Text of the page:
The Transparency, Accountability and Participation (TAP) network has written an Open Letter to National Statistical Offices, providing recommendations on how to place open, inclusive, accountable and effective governance at the heart of the UN’s post-2015 Development Agenda.
Source: TAP Network
CIVICUS’ recommendations on indicators to UN Statistics Division
In response to the proposed indicators for Goal 16 and 17 of the post-2015 development framework, CIVICUS has provided recommendations on the principles and metrics that should be considered when measuring civil society’s participation in the implemetation of the agenda.
Observations on the post 2015 sustainable development process in the Middle East and North Africa region. In particular, the piece draws attention to the opportunity for countries to redesign their decision making processes to make them more inclusive, adaptable, transparent and evidence based.
Resources from the SD2015 Community
The SD2015 partners have produced the ‘Engaging with the Media’ guide to provide advice and guidance on how to target your messages for broadcast, press and social media; identify and build relationships with journalists; conduct interviews and hold press conferences, in order to deliver your post-2015 advocacy messages to a wider audience.
Future generations are the vulnerable groups in decades and centuries to come. Policy frameworks must seek to protect the present poor and vulnerable whilst also protecting these same groups in the future.
Source: World Future Council
Global Water Partnership (GWP) is campaigning for a dedicated water goal in the post-2015 development agenda. In this video the staff of the global GWP secretariat in Stockholm, Sweden, are speaking of why this is so important.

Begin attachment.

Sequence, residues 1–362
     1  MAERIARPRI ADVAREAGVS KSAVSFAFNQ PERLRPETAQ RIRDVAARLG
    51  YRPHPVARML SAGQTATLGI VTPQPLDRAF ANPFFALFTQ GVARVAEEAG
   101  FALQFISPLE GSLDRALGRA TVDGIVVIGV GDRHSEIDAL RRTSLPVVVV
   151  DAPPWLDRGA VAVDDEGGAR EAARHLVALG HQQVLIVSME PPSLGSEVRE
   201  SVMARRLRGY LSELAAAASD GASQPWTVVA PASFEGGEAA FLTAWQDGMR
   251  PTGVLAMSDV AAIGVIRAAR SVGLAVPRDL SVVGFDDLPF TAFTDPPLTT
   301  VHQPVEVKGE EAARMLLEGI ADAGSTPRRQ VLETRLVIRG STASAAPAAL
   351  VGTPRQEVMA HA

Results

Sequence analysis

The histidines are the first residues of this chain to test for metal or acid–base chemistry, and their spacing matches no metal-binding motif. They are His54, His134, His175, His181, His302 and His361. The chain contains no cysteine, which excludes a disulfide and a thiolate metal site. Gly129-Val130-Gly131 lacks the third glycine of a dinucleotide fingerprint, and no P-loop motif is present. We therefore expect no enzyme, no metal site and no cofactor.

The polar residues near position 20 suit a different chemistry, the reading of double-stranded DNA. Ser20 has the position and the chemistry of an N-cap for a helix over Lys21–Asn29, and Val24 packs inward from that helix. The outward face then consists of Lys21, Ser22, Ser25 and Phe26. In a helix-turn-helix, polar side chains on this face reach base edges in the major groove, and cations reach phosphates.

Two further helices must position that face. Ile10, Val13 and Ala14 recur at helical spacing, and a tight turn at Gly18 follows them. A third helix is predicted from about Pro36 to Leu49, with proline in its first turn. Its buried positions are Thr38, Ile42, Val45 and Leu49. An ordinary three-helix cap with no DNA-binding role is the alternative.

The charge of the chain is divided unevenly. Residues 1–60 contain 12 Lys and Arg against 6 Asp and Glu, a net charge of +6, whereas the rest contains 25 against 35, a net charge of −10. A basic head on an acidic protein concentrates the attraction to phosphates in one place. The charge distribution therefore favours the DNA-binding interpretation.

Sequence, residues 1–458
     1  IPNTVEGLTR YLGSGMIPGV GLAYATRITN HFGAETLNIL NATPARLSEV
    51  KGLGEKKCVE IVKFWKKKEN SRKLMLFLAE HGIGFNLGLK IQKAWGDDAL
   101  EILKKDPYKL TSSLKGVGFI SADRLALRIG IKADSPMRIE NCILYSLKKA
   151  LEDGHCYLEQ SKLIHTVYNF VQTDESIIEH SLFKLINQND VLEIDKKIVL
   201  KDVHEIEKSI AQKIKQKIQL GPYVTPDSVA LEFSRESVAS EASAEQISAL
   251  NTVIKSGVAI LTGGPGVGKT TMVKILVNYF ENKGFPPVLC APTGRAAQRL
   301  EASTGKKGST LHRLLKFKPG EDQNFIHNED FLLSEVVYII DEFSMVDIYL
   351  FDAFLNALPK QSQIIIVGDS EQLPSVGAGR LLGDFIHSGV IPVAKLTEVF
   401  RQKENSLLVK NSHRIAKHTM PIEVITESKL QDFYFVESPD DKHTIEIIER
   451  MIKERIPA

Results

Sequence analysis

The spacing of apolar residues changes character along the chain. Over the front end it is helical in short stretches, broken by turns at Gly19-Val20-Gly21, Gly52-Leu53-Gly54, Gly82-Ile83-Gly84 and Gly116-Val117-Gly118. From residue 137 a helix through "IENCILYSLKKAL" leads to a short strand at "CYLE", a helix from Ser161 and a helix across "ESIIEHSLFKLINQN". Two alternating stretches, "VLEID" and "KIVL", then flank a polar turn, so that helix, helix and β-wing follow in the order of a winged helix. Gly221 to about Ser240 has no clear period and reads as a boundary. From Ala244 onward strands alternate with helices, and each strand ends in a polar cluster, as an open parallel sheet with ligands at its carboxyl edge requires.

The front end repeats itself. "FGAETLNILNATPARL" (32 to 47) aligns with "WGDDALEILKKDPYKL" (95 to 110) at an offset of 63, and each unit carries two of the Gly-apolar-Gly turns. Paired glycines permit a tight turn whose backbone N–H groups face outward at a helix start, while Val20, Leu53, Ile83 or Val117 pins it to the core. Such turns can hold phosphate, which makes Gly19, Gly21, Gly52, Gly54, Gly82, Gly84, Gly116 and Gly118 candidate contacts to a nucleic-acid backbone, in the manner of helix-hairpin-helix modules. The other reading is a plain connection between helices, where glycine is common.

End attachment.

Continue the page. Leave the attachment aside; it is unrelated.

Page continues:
Source: Global Water Partnership
CESR – along with Amnesty International, the Center for Reproductive Rights and Human Rights Watch – has developed a proposal for a robust monitoring mechanism at the international level, with the human rights principles of transparency, participation, universality and accountability at its core.
To prepare stakeholders for the upcoming HLPF meetings and consultations, the SD 2015 partners have put together a calendar of the forthcoming events, which will ultimately define the purpose and remit of the governance body.
Video – Sustainable Development Goals aim “to leave no one behind” stresses UN Special Adviser Amina Mohammed
|Dear all,viEUws just published an exclusive video interview with Amina Mohammed, Special Adviser on the post-2015 development agenda for the United Nations, about the UN Sustainable Development Goals.WATCH VIDEO: Sustainable Development Goals aim “to leave no one behind” stresses UN Special Adviser Amina Mohammed|
|Please, feel free to embed this video on your website, share it or spread it in any other way (social media, newsletter, etc.). You can find a direct hyperlink above and an easy-to-use HTML embed code below:<iframe src=”//player.vimeo.com/video/
Sustainable Development 2015 – News & resources related to the UN’s next global goals
17-20 February, member states met for a round of intergovernmental negotiations in New York. The meeting was the second of eight scheduled sessions (January-July 2015). The purpose of the four day meeting between member states was to discuss the declaration of the post-2015 agenda. The meeting was open to participation from other stakeholders and included a dialogue with Major Groups and other Stakeholders.
Read IISD’s summary here
To prepare stakeholders for the upcoming post-2015 events, the SD 2015 partners have put together a calendar of this month’s important post-2015 meetings.
Resources from the SD2015 Community
Source: World Vision International